Inauguration blog, day 2: The Newseum, Georgetown, and a turtle named Pokey

by Henrietta Reily, Amanda Tu, and Olivia Millar

Our group started off the day with a new bus. Though it was far fancier than the previous one (free of rattles and screeches and random alarms) though it did not fully accommodate our large party in seat numbers. A few students who had traveled to DC separately had to take their own car, though they joined us for the day’s activities. Walking up to the first event of the day, the Newseum, a newspaper from every state in our country was displayed, each one changed daily. Upon entry, a Jumbotron played the news, and quick world and national news from many sources scrolled across screens. The whole aura of the museum was one of journalism. The building itself was inspirational. The currency of the Newseum was shocking. The daily papers alone would be an incredible task; few museums change their exhibits even a few times each year. Also, an entire exhibit was dedicated to some of the best news photography just in the past year. Social media and current topics were put first. Even the permanent exhibits were updated, and were completely relevant to our world today.

 

ImageOne of our favorite exhibits  at the Newseum was the First Amendment station. This area had boards discussing each of the amendment’s freedoms (speech, press, petition, assembly, and religion), its origins, and its controversies. We had already studied the First Amendment in journalism class and at WKU’s Journalism Scholars’ Day, so we enjoyed seeing a topic we feel so passionately about discussed outside of the classroom. Some of the examples that Mr. Miller used in his lectures were on display in the museum, such as a copy of the newspaper Publick Occurrences, which was banned for criticizing the government. Additionally, the First Amendment exhibit featured a section about student journalists and student press rights. While most of our group came into the museum strictly anti-censorship, the exhibit made us think about what words (if any) shouldn’t be allowed in school. For example, in 2007, a high school student was suspended for holding a sign at school reading “BONG HiTS FOR JESUS”. He sued the school principal, and eventually lost his case at the Supreme Court, with the explanation that the school had the right to discourage illegal drug use. Several other cases were presented in which students expressed hateful messages via t-shirts and school newspapers. We left the exhibit more confused than we arrived. While all of our group members believe that student journalists have the right to explore controversial issues, are students allowed to use their constitutional protections to discriminate? Were schools unconstitutional in preventing these teens from getting their word across? None of us could provide a clear cut answer to any of these questions, but we will have to think about them as we move forward in our J&C careers.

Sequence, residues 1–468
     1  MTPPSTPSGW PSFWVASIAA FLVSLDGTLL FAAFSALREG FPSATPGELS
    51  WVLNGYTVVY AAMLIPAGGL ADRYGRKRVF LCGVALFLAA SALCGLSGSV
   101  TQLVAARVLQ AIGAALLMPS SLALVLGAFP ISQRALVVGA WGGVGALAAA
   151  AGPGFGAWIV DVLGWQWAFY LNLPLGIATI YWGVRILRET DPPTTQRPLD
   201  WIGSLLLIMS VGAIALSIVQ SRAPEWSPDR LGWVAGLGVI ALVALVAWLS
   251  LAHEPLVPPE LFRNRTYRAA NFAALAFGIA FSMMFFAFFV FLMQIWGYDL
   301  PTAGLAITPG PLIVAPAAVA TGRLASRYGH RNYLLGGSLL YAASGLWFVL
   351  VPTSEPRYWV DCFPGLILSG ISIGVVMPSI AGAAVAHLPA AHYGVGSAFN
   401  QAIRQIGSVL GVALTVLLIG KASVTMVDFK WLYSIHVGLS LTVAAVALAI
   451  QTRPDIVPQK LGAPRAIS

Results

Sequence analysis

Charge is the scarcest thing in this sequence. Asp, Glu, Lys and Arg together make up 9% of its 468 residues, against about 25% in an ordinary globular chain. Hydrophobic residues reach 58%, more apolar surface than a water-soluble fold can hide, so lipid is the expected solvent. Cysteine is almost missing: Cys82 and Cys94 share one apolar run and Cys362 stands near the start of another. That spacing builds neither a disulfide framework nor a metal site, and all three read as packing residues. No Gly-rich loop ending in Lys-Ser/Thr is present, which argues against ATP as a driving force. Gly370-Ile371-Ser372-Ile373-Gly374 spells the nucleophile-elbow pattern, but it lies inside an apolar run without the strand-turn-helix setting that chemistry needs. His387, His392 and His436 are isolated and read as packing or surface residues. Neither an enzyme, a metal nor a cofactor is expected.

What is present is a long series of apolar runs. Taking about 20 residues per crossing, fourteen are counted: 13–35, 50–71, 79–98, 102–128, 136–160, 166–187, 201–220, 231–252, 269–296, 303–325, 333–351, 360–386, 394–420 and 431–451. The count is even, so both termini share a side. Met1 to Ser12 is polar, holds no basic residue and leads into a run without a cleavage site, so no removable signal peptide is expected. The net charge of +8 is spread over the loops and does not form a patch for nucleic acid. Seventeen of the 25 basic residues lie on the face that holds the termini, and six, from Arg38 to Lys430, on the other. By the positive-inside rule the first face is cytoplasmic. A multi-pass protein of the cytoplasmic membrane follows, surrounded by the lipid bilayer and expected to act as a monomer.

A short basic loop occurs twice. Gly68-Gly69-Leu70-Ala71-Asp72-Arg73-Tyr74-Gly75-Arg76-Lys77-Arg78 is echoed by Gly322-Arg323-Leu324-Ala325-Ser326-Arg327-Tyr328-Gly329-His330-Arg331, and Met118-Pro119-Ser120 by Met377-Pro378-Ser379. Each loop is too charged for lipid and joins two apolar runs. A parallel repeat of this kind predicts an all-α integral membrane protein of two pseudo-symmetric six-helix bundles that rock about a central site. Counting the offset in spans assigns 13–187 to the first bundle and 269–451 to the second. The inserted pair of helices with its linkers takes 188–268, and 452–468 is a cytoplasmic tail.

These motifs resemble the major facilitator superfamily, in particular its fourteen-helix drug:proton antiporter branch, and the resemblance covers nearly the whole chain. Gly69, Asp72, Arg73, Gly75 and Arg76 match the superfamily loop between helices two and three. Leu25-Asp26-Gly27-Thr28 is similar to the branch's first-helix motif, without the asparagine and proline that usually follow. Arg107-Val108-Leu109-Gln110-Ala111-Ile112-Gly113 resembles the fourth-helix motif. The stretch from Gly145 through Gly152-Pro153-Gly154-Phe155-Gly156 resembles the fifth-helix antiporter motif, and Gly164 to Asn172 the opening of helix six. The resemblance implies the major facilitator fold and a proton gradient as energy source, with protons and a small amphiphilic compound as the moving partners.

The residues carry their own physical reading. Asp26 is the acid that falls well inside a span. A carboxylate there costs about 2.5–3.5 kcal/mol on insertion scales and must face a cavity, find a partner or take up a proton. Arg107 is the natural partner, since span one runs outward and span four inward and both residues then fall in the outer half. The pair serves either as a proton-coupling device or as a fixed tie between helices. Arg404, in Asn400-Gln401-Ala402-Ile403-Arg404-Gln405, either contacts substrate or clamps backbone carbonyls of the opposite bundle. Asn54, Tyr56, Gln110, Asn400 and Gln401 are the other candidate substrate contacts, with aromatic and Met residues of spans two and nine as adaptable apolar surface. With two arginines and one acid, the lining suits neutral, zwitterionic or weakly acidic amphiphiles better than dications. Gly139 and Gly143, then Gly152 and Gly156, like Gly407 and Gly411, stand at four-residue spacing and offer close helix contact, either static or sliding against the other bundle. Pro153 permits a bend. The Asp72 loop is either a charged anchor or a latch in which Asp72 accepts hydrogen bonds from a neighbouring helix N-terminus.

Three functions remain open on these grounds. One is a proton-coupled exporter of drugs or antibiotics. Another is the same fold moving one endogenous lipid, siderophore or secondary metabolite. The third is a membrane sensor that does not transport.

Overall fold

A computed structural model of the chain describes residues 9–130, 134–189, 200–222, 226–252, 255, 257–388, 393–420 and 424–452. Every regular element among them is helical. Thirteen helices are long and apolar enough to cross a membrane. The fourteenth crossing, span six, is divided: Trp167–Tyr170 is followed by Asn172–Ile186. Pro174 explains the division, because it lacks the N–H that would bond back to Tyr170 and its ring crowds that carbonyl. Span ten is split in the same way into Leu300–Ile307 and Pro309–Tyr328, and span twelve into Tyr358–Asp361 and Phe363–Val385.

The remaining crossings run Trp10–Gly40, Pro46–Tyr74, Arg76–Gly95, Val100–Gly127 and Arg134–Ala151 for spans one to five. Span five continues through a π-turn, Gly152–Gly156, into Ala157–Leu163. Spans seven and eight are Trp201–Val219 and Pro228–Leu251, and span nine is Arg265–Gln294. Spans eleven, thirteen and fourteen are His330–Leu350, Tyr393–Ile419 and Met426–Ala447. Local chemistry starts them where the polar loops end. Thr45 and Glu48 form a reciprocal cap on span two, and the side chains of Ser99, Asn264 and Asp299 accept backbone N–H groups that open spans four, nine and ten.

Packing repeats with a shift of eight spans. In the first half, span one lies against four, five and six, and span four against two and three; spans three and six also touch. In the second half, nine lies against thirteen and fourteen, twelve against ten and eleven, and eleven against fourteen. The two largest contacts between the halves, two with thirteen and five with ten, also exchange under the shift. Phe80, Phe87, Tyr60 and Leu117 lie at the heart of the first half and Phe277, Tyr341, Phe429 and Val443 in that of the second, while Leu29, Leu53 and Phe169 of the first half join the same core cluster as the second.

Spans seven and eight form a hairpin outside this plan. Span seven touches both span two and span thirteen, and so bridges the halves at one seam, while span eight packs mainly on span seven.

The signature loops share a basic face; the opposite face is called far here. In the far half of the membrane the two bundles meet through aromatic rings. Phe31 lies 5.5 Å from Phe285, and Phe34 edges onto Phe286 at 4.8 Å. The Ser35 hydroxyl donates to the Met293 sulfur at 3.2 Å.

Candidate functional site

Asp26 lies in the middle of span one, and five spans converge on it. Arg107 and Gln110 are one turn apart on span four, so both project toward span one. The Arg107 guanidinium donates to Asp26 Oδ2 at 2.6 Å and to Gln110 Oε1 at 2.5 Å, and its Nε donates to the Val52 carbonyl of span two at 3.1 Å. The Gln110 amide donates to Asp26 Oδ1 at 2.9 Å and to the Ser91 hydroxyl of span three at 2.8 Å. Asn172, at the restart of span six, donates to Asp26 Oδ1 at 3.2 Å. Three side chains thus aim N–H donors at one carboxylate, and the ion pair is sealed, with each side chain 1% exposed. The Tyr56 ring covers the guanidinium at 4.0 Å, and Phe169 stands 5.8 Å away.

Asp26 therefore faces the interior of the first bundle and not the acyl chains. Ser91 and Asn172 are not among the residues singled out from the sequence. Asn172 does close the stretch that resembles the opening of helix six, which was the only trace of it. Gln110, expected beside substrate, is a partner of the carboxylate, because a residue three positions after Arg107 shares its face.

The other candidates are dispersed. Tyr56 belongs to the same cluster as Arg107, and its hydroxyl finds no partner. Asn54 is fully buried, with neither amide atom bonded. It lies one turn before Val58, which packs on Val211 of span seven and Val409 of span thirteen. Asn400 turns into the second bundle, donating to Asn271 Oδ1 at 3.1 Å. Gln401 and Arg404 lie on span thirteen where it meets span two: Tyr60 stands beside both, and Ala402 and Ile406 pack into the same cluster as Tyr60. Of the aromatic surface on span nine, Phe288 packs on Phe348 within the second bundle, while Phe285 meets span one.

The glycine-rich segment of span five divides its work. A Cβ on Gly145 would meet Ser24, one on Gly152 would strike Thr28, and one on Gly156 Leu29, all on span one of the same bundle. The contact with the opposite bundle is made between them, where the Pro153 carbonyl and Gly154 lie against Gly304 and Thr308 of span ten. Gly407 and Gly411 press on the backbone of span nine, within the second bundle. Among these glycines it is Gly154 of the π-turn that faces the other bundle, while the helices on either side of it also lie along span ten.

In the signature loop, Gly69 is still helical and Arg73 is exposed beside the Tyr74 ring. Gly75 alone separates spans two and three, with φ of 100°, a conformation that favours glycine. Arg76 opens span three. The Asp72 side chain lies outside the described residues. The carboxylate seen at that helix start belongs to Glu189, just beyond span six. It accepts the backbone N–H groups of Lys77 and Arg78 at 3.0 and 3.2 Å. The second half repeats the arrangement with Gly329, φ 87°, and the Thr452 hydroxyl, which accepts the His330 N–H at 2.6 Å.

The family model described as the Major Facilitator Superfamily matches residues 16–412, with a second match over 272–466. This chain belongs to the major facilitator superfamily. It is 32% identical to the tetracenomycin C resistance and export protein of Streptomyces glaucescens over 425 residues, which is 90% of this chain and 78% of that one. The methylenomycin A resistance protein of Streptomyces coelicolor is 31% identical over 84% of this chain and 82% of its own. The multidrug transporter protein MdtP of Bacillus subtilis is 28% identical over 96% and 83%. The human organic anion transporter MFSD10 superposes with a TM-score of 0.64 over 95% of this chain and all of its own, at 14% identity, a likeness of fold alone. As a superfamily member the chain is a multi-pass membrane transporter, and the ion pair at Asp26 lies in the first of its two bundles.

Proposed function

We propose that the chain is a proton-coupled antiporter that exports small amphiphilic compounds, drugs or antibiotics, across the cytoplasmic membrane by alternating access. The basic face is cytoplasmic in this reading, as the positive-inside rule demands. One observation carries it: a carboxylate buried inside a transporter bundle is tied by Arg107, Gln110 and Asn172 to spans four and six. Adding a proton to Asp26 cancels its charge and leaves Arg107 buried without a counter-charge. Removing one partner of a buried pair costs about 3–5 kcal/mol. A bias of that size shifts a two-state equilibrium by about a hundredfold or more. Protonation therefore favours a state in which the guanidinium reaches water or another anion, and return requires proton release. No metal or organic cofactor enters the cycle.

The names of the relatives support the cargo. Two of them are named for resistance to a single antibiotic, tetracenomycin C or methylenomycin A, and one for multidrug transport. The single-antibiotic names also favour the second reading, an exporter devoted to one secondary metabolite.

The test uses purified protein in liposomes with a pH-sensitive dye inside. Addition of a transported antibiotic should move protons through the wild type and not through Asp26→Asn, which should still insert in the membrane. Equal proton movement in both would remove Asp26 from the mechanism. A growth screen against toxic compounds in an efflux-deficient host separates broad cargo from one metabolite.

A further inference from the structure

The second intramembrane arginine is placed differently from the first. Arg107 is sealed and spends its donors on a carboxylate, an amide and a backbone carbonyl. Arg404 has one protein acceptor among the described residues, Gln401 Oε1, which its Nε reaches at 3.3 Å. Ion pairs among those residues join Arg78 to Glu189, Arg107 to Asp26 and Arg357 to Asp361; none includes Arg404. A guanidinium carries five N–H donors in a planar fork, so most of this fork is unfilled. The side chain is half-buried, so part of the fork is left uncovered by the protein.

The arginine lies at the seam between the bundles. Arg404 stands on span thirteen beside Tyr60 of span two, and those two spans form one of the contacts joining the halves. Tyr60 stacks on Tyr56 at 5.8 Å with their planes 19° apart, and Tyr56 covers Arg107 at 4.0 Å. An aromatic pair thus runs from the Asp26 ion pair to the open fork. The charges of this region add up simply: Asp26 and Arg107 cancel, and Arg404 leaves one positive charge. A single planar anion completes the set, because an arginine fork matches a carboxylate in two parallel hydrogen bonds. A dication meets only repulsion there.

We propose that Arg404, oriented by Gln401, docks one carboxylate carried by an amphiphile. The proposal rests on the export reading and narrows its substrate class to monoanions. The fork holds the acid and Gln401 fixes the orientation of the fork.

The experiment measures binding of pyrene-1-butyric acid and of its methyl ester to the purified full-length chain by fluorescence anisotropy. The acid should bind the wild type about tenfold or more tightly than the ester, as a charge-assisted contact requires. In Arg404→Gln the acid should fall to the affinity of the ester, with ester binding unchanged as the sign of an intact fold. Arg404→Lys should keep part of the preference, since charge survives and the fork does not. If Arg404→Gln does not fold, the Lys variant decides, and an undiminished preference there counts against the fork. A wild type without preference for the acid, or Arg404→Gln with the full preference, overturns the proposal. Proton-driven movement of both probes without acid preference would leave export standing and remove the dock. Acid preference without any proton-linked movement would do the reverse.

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After our trip to the Newseum, we boarded the bus and drove through heavy traffic to the Georgetown area to shop and look about. We arrived to the neighborhood and walked onto the brick sidewalk. We split up into groups and began to walk down the shop covered scenic street. We were walking down the road when we saw an old house with a park ranger standing in front. We were skeptic but turned around to see a small yellow-shelled turtle in the hands of the park ranger. The turtle’s name was Pokey and had a lack of calcium when a family rescued him, so his shell’s growth was stunted, and the shell had a yellowish tint. The ranger went on to tell us that he was seventeen, and they knew he was a boy because of his red eye. Our next stop was the Nike store. We walked into the organized store and immediately felt the need to exercise. The store slightly dazed our group, because we do not have a store like this in Louisville.

 

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Another successful day in Washington D.C., rounding out the halfway point of our trip! We look forward to the Inauguration tomorrow!

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James Miller is RedEye’s faculty adviser. This is Mr. Miller’s fifth year as staff adviser, 11th year at Manual, and 14th year as a JCPS teacher. In a previous life, he worked at WHAS-11 and the Courier-Journal.